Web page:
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An infant died of a viral infection she got from an eye exam at Children's Hospital of Philadelphia (CHOP), the family's lawsuit claims.
The premature baby, Melanie Sanders, was one of 23 children infected with adenovirus at the hospital in 2016, according to Philly.com.
Journal - Article - June - Staff - Outbreak
In a medical journal article published in June 2017, hospital staff attributed the outbreak to medical staff failing to wear gloves and clean equipment properly.
The lawsuit alleges Sanders died as a result of the infection, though lawyers for the hospital said in their court answer that survival of babies born so prematurely is uncertain for numerous reasons.
Authors - Journal - Article - Babies - Eye
The authors of the medical journal article said 43 babies received the eye exam in the unit in August 2016, and 23 of them were infected.
Adenovirus is not unheard of, but only accounts for about 10 percent of fever-causing infections among American children.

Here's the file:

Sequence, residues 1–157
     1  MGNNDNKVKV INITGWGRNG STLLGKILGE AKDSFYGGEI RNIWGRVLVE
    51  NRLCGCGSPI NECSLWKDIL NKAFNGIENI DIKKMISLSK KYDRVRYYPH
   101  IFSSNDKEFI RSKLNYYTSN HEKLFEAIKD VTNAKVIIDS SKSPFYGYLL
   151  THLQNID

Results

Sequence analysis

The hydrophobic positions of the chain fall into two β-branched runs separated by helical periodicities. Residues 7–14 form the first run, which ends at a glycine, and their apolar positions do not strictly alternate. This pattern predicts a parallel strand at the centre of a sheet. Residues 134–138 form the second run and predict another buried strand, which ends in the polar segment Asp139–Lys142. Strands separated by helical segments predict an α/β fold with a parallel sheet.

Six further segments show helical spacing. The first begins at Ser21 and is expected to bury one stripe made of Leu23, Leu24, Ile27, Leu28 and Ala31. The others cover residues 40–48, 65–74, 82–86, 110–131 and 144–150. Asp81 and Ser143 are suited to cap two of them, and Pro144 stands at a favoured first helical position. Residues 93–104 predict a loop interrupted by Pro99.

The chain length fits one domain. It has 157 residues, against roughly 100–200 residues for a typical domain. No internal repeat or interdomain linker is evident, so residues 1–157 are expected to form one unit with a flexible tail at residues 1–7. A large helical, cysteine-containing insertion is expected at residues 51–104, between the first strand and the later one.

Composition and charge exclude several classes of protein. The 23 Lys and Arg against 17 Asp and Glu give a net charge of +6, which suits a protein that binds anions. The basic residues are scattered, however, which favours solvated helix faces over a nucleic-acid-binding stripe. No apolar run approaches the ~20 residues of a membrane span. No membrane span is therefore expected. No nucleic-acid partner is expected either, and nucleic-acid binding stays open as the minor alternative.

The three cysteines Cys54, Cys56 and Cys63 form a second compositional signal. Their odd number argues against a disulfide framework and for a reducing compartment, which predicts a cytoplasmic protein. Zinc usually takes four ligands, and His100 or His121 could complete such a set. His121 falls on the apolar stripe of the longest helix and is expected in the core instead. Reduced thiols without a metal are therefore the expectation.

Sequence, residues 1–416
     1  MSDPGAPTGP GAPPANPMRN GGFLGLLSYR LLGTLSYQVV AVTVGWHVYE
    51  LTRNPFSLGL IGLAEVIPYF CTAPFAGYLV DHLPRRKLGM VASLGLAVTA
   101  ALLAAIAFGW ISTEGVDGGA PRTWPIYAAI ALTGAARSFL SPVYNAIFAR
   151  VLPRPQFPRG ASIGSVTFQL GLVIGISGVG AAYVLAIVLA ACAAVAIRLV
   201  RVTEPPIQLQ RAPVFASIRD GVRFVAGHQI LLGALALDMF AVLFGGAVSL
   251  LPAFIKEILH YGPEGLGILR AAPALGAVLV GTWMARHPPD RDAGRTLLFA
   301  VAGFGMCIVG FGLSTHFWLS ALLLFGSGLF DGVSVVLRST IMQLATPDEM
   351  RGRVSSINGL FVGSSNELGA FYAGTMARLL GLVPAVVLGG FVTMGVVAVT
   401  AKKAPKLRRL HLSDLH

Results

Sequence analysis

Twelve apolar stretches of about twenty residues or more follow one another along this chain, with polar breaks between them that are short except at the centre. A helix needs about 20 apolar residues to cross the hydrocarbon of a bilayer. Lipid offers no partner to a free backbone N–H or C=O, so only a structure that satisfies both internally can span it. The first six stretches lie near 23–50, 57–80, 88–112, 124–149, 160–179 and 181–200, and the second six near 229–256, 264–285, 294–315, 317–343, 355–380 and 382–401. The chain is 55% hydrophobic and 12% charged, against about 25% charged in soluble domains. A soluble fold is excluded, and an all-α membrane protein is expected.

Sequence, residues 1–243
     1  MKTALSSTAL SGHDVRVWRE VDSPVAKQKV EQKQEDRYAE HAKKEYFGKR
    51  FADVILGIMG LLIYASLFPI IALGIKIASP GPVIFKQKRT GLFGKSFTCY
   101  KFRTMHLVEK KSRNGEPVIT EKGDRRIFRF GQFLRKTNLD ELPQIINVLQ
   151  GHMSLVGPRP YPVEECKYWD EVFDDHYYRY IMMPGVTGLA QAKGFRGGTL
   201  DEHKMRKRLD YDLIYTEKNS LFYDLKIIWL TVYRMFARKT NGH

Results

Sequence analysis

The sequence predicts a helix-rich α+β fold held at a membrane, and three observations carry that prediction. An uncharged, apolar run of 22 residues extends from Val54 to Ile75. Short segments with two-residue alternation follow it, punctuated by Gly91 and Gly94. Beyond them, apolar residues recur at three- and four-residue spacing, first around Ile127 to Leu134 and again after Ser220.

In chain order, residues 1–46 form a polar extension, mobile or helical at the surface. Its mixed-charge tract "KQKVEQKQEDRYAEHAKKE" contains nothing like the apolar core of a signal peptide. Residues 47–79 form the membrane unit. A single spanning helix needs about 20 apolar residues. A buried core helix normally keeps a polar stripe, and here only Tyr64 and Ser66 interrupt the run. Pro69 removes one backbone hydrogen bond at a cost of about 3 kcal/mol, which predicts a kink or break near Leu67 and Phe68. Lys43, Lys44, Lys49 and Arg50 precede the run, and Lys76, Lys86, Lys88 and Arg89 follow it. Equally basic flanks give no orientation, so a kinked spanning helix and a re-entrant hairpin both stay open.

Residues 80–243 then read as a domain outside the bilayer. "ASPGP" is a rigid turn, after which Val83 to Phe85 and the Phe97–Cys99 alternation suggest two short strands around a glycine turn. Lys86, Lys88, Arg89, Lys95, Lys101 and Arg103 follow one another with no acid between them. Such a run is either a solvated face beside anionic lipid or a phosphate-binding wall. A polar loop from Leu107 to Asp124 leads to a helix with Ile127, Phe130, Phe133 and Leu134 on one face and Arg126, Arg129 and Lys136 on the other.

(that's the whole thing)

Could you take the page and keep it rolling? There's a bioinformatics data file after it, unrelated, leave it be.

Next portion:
Virus - Hospitals
It is a particularly problematic - and common - virus in hospitals because it is highly contagious.
Usually, adenovirus is first recognizable as 'pink eye,' or conjunctivitis, a mild infection of the membranes surrounding the eye. These are often paired with or shortly followed by by respiratory infections.
Respiratory - Symptoms - Pneumonia - Symptoms
All of those who were infected suffered respiratory symptoms; five developed pneumonia; and 11 had eye-related symptoms, they said.
In addition, nine adults, including six nurses and three parents, contracted viral infections.
'Observations - Lack - Cleaning - Practices - Bedside
'Observations revealed lack of standard cleaning practices of bedside ophthalmologic equipment and limited glove use,' the authors wrote.
Sterile gloves and consistent, thorough hand-washing practices are...
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